Wednesday, April 28, 2010

Song Lyrics- Who gives a shit?

99.9% of the population, that's who.Particularly if they don't play, and have never played a musical instrument. When they listen to music(for the sake of argument, a group with a vocalist), the lead singer is who they focus on, and what comes out of his or her mouth is what they focus on in the music. Most folks think that the lyrics are the most important element of a song, the real "message". Delivered by the most important individual in the band- the lead singer.

One musician friend has encouraged me to put lyrics to my songs so they'll be remembered. People(well, at least 99 percent of them)tend to remember words rather than melodies, so that gives them something to hang onto. Seems tragic to me that a beautiful melody is all but lost on them. So very sad.

Me, I perceive music in just the opposite way. Not saying my perceptions are in any way "better"- if anything, I guess I have the opposite kind of impairment. I hear the "tune" first, the melody and harmony and rhythmic component. If there are vocals, I listen to the sound of their voice rather than lyric "content". Lyrics are usually all but lost on me, unless they're by Frank Zappa:

You're phony on top,
You're phony underneath
You lie in bed and grit your teeth.

TV Dinners by the pool,
I'm so glad I finished school.

Life's a ball, TV tonight,
Do you love it, do you hate it,
There it is the way you made it.

Great stuff. For some reason, Zappa's lyrics stick in my mind where others just slide right off. His music is pretty memorable too.

Music is the most abstract of the arts, and that's the very thing I love about it. However it makes you feel is its message to you. I like my music just like I like my Quarter Pounder from McDonald's: nice and plain. Unfettered by all those extraneous condiments. Just the pure burger. The pure listening experience. I don't usually like Program Music that's telling you a story you're supposed to follow(gee, what's the puppet doing now?), and loathe most Operas. And I don't generally care for musical comedy or musical theater --again, unless it's by Zappa(Gregory Peccary is one of my favorites!).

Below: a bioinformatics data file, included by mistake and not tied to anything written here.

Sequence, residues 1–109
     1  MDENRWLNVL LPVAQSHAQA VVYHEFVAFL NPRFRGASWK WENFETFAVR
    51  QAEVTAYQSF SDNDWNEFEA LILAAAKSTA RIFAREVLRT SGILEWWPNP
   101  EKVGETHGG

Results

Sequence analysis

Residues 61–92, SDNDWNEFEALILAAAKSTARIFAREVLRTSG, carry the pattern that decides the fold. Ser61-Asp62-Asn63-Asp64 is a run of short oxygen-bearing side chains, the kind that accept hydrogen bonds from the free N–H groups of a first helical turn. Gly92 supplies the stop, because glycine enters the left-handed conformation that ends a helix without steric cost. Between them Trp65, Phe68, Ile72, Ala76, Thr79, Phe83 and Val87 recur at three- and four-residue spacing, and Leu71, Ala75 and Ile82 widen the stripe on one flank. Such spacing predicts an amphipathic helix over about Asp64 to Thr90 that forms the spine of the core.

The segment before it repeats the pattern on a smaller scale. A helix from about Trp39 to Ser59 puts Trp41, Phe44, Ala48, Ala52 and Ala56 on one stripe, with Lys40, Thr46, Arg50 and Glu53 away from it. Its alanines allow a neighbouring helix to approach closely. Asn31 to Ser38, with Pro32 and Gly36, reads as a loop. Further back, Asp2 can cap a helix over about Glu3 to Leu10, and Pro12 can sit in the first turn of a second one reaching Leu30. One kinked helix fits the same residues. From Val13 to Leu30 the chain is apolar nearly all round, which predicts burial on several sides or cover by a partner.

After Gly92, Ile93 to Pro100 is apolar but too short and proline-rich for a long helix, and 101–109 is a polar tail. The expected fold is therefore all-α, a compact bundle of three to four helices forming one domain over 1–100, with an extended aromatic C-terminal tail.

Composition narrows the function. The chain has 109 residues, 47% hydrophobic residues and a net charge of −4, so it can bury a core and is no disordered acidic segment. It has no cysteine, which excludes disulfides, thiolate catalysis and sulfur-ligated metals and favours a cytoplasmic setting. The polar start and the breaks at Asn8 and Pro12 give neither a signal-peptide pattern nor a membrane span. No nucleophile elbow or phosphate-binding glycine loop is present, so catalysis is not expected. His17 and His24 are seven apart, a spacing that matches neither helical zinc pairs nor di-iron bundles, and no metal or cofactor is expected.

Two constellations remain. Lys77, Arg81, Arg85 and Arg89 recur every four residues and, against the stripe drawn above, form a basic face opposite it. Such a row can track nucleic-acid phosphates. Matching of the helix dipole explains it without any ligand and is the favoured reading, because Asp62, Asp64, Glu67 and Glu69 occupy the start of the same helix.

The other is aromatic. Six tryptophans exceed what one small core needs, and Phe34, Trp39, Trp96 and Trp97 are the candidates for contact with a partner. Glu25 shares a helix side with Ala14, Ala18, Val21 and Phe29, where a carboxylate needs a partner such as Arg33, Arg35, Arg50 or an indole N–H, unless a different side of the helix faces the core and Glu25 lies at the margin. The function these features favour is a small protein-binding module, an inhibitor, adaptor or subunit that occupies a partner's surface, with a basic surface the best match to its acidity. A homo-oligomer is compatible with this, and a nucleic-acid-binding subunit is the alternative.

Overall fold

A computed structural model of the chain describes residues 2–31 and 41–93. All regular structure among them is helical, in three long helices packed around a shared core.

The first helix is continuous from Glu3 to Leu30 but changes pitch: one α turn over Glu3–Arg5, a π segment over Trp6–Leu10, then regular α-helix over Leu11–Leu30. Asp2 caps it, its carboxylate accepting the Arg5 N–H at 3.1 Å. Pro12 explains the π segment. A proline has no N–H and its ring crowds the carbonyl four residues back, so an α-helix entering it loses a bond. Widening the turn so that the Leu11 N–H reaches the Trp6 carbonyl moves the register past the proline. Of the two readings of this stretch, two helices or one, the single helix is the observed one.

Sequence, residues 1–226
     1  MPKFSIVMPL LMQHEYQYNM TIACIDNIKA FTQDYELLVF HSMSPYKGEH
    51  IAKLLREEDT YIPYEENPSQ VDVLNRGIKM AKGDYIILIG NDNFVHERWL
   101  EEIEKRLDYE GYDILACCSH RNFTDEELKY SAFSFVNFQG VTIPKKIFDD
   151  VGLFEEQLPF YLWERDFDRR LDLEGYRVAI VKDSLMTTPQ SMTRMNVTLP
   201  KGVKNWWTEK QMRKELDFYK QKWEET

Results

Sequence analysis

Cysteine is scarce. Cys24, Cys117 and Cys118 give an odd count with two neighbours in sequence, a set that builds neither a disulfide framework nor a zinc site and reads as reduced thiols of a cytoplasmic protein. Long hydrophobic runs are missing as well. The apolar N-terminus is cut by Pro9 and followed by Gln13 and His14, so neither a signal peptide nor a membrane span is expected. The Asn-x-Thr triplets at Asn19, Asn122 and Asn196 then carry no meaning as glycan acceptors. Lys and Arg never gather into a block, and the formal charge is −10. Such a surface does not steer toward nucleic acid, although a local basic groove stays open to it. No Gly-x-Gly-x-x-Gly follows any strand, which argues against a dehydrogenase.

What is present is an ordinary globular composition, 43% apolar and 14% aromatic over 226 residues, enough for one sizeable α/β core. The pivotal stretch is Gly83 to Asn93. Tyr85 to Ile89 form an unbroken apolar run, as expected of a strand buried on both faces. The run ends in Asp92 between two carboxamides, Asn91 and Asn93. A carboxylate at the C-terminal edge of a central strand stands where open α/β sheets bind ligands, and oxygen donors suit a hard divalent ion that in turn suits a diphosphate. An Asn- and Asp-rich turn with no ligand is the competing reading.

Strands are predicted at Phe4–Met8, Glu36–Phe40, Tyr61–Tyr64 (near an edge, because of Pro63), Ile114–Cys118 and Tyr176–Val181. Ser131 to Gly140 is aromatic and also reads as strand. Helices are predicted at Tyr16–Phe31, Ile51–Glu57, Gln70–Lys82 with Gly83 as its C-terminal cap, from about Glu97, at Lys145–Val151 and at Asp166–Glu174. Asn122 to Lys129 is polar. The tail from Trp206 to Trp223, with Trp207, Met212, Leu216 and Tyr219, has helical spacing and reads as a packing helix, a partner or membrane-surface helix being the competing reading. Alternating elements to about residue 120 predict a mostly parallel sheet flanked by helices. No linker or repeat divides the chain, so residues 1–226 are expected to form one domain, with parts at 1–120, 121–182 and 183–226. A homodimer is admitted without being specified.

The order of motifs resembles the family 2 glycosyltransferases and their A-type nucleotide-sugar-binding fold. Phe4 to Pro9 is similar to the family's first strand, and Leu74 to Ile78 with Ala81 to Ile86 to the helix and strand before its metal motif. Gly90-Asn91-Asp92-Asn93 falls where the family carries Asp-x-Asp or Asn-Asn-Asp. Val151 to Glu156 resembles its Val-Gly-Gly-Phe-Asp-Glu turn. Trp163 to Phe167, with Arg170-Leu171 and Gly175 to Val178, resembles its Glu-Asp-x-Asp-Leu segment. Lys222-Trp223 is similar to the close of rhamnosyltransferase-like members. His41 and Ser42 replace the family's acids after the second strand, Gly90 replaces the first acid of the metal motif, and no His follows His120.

To me, there's plenty of beauty, all the beauty I need, in a graceful melody or an infectious rhythmic pattern or a driving bass line. Among other things instrumental. I even like listening to certain voices, their timbre and expressive nuances. But again, it's the sound, not what's being said.

I remember in the mid-80's, being on the road, and hearing our drummer talk about a certain song we were playing. "This song is about the war in Vietnam", he said. Again, I have a sort of aural color-blindness as far as that goes, and had never paid any attention to the lyrics. "What difference does that make to us?" I asked. "It tells us how to interpret the song", was his reply.

As the guitarist in the band, what possible difference does that make in how I play the chords, or how I solo over the chord progression? Am I supposed to be thinking about the Vietnam war while I'm playing? And is that supposed to somehow seep into my approach to the music- which is, again, abstract? Really folks, I'm stumped on that one.

I probably had an expression on my face at that point which read, "what color is the sky in your world?"

Reading this, you're probably thinking, 'what color is the sky in my world' as well. Why blue of course. At least my interpretation of blue.

Lyrics and librettos are just fine in their own right. And so are some vocalists(okay, I probably have a musician's professional prejudice against singers as a group, but do like them individually). It just seems tragic to me that most people miss the great beauty and trenchant expression that's already there in the music without the almighty lyrics. And the almighty vocalists. Try a Quarter Pounder without all that stuff on it and you'll discover it's just fine as is.

Well maybe with a bit of cheese.

Friday, April 02, 2010

The Big Box of Love

It gives me great pleasure to announce the birth of a new CD. The Big Box of Love is now available. You can go here to listen, and maybe even pick yourself up a copy. Several options are available: you can purchase individual tracks, or download all of them as an mp3, or(recommended)buy yourself a hard-copy CD.

Why recommended? Well, two reasons. One, I'm just old-school like that. Two, you can enjoy the cover art, an option not available for you downloaders or pizza-by-the-slice individual track buyers.

Okay then. Here's the address:

Friday is always a good thing, being the end of the workweek and the beginning of the weekend. But even more so having a new CD to share with the world--or, okay, my little corner of it.